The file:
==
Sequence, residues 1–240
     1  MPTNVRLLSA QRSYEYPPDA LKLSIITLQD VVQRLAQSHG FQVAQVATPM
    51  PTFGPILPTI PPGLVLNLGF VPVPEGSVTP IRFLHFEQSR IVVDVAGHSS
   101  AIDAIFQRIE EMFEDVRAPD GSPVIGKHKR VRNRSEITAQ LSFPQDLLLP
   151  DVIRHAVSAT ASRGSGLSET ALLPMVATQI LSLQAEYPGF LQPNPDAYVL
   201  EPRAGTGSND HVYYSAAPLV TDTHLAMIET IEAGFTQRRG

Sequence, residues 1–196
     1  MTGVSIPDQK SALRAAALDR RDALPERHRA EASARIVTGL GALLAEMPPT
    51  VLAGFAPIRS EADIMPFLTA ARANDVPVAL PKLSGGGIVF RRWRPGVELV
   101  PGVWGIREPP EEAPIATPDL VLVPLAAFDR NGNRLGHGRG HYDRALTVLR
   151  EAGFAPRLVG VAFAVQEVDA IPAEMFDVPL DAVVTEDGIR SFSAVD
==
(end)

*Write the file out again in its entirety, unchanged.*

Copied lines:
Sequence, residues 1–240
     1  MPTNVRLLSA QRSYEYPPDA LKLSIITLQD VVQRLAQSHG FQVAQVATPM
    51  PTFGPILPTI PPGLVLNLGF VPVPEGSVTP IRFLHFEQSR IVVDVAGHSS
   101  AIDAIFQRIE EMFEDVRAPD GSPVIGKHKR VRNRSEITAQ LSFPQDLLLP
   151  DVIRHAVSAT ASRGSGLSET ALLPMVATQI LSLQAEYPGF LQPNPDAYVL
   201  EPRAGTGSND HVYYSAAPLV TDTHLAMIET IEAGFTQRRG

Sequence, residues 1–196
     1  MTGVSIPDQK SALRAAALDR RDALPERHRA EASARIVTGL GALLAEMPPT
    51  VLAGFAPIRS EADIMPFLTA ARANDVPVAL PKLSGGGIVF RRWRPGVELV
   101  PGVWGIREPP EEAPIATPDL VLVPLAAFDR NGNRLGHGRG HYDRALTVLR
   151  EAGFAPRLVG VAFAVQEVDA IPAEMFDVPL DAVVTEDGIR SFSAVD